How can autism impact on functional skills?
What are functional skills and why are they important?
Functional skills are those that are required for daily living activities. These are the everyday tasks and routines that people undertake on a regular basis as part of domestic, school or working life.
Daily living activities can include preparing meals, self-care, sleeping and toileting, all of which require functional skills as well as the ability to plan and stay on task.
Developing functional skills contributes to quality of life, both in childhood and later on. For older teens and adults, in particular, they are an important component of independent living. In addition, being able to perform daily living activities impacts positively on self-esteem, and reduces the degree to which people on the spectrum require assistance from others.
People with autism can find daily living activities difficult to manage because they generally need to be performed without distraction or receiving reminders. Functional skills may, therefore, require to be explicitly taught so that people on the spectrum are able to complete a range of daily living activities that play a part in independent living.
Daily living activities can include:
- Eating regularly
- Showering or bathing
- Getting dressed
- Brushing teeth
- Combing or brushing hair
- Clipping nails
- Getting sufficient sleep
- Going to the toilet
- Managing money
- Organising and taking care of possessions
- Using public transport
How does autism impact on functional skills?
Most daily living activities are a made up of a variety of different steps, and for people with autism the functional skills required for each of these steps to be completed may need to be introduced individually and taught explicitly. This is because people on the spectrum are often inclined to focus on details rather than the big picture and so mightn’t be able to envisage a process in its entirety or realise the end result.
People with autism can also have difficulty in recalling how tasks are performed and in which order, particularly if they require a combination of visual memory, decision making and motor skills. This may mean that it takes some time before all of the steps and functional skills that are required to complete a daily living activity have been learned and can be performed in sequence.
In addition, once functional skills have been learned, it may be the case that people with autism need regular reminding as to why they are required, along with frequent encouragement to ensure that they continue to be performed. Additional ongoing assistance may also be needed before people on the spectrum are able to incorporate these functional skills into their daily routine, and so regular reminders are needed.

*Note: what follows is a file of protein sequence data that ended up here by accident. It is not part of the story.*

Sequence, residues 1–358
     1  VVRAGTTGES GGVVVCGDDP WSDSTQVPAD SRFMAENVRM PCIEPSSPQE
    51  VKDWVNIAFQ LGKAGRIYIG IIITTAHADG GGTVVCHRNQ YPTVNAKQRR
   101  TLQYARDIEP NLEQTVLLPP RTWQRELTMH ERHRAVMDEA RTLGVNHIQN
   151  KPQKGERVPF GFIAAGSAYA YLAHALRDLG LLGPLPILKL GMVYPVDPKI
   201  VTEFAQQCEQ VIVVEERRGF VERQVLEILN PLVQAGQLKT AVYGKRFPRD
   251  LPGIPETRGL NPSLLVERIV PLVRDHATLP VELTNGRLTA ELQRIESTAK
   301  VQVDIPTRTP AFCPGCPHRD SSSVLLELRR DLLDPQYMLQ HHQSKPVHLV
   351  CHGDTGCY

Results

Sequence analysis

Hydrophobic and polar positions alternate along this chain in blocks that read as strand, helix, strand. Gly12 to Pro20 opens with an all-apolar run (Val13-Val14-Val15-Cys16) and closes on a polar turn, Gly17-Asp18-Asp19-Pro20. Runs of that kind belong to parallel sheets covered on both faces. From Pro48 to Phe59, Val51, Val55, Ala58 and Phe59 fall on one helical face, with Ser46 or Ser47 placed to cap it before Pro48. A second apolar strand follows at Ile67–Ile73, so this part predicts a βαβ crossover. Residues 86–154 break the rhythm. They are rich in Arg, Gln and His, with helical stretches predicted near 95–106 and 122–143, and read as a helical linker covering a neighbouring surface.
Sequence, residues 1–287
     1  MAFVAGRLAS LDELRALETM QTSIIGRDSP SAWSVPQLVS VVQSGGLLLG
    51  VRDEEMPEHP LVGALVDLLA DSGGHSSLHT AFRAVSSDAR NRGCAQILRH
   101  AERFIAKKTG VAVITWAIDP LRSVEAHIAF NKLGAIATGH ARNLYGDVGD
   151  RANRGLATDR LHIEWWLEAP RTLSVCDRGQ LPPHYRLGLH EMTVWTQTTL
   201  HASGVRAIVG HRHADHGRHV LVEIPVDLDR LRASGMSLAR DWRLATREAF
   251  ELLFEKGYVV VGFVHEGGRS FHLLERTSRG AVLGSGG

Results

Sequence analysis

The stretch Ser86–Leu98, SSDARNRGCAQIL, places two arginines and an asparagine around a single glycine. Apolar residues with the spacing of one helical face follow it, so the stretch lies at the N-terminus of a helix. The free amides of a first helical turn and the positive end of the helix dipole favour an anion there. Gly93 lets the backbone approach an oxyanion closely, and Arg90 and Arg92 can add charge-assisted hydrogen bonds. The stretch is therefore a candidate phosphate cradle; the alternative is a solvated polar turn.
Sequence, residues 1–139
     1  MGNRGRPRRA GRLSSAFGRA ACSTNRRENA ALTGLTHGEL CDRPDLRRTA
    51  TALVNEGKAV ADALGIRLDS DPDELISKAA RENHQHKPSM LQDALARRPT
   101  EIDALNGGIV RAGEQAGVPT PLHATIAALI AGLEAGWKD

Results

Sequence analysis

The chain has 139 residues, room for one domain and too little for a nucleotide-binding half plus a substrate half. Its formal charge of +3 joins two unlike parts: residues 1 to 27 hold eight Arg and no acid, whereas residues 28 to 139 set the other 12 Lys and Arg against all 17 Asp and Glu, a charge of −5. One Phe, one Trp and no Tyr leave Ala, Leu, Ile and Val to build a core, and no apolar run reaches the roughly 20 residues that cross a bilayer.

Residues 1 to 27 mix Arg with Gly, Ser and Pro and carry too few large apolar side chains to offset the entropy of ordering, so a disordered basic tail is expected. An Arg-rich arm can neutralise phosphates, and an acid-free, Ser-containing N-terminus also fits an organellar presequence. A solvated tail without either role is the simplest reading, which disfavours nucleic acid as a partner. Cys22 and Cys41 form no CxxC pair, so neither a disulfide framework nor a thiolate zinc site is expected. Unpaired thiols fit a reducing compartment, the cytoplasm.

These factors combined explain why the functional skills required for tasks like packing a school bag, making the bed, or setting the table can be difficult for people with autism to learn. This is also why it may require some time before daily living activities can become integrated and part of a regular routine.
Strategies to develop functional skills for people on the spectrum
Every person with autism is different and so the functional skills that it will be beneficial for them to learn will likewise be different. The manner and pace at which these skills are learned will also vary from person to person. This means that are a range of strategies can be used in order to help people on the spectrum to develop functional skills.
- Develop awareness
In order to help people with autism to learn how to perform a daily life activity, it is important that they first understand why it is necessary. Planning the activity and the individual steps required so that it is part of a regular routine may be helpful in this regard.
- Identify a goal
Learning a functional skill can be made easier if the goal is clear and appropriate for the person’s age and abilities. It may be helpful to introduce a limited number of goals initially, and that the pace of learning is measured.
- Break it down
Learning a daily living activity will be made simpler if the functional skills it requires are broken down into individual steps, rather than focussing on the end result. It may also be helpful to represent the process visually with images that describe the tasks and the sequence in which they should be performed.
- Teach each step
When people on the spectrum are learning functional skills, it’s helpful if they are taught each individual step discreetly. This enables a task to be learned incrementally, with new steps introduced only when earlier ones are understood and can be used with confidence.As part of this approach, it is helpful to provide a person with autism plenty of opportunities to practise, with effort and positive outcomes being rewarded with praise. Prompting as the task is being learned, with regular reference to a visual guide if one is being used, is also helpful.